20 Ideas That Will Increase Your Sales, Part 2

February 2, 2009

By Mark Matteson

After 40 years of selling, I decided it’s time to capture some of the lessons I have learned and share them. I hope that you find some ideas to assist you in navigating through challenging times.

As a student of history, I will tell you there have ALWAYS been challenging times. Tough times can bring out the very best qualities in us. It’s what built this great country: It’s not what happens, it’s how we respond! Resolve to improve! Choose and apply five of the ideas outlined below one at a time, test them, and then track your results. Results are the name of the game!

11. Give to Get!
What can you give to your clients and prospects? Articles on subjects THEY are interested in? E-Books that would help their business? Novels they want to read that teach life lessons? Ideas, stories, and best practices of leaders in their industry? Ask and answer: What can I give to them without any expectation of return? Give and forget. Give some more and keep giving. The law of compensation will balance the scales. Often the return comes from unexpected sources, but it always comes. Dan Holohan recently wrote an article sharing 50 great Web sites. Send me an email and I will forward it to you, or go to Dan’s website, www.heatinghelp.com.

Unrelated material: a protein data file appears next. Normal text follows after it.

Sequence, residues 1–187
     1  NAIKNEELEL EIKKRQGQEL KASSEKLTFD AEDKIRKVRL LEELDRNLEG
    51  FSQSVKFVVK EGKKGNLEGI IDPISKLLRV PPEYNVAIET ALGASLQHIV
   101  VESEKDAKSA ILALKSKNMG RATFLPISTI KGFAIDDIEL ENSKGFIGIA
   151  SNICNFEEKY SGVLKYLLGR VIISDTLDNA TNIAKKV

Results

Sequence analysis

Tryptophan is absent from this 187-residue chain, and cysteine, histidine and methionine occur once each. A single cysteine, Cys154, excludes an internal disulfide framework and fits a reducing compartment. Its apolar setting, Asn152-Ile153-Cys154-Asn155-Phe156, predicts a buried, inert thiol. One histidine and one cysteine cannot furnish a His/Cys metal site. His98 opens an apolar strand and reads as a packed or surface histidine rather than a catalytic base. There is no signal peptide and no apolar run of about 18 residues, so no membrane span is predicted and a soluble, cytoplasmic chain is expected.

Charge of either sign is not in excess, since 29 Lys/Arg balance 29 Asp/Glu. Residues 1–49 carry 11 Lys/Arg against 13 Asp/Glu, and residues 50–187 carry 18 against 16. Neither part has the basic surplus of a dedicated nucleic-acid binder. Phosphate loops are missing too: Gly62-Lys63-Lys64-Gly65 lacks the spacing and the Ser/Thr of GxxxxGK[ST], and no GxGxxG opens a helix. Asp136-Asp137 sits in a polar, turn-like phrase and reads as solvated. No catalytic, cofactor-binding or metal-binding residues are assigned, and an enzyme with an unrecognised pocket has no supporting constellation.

12. Start Writing!
Become an expert in your industry and start writing articles for trade magazines in your field. I promise you, there are least two magazine editors in your industry who are screaming for copy from leaders who are succeeding in the field. I know, because I have written for over 12 different magazines and six e-zines other than my own. I can hear the objection, “I can’t write!” Hey, I failed high school English, but I simply wrote something every day! Then I surrounded myself with really smart people who know how to edit copy. Copyeditors are professionals; most of them hold post-secondary degrees, as well as editing certifications, and many of them are also published writers. While their fees reflect their professional status, the service they provide is worth the investment. They can make you look really good on paper and reinforce your image as a professional by ensuring that your writing is polished and error-free. You can locate a good copyeditor from several reputable firms’ Web sites: the Creative Group, www.creativegroup.com; Elance, www.elance.com; McMurry, www.mcmurry.com; and o-Desk, www.odesk.com, to name only a few. Remember, even Stephen King has editors!

13. Start Building Your “Invitation” Marketing E-mail Database!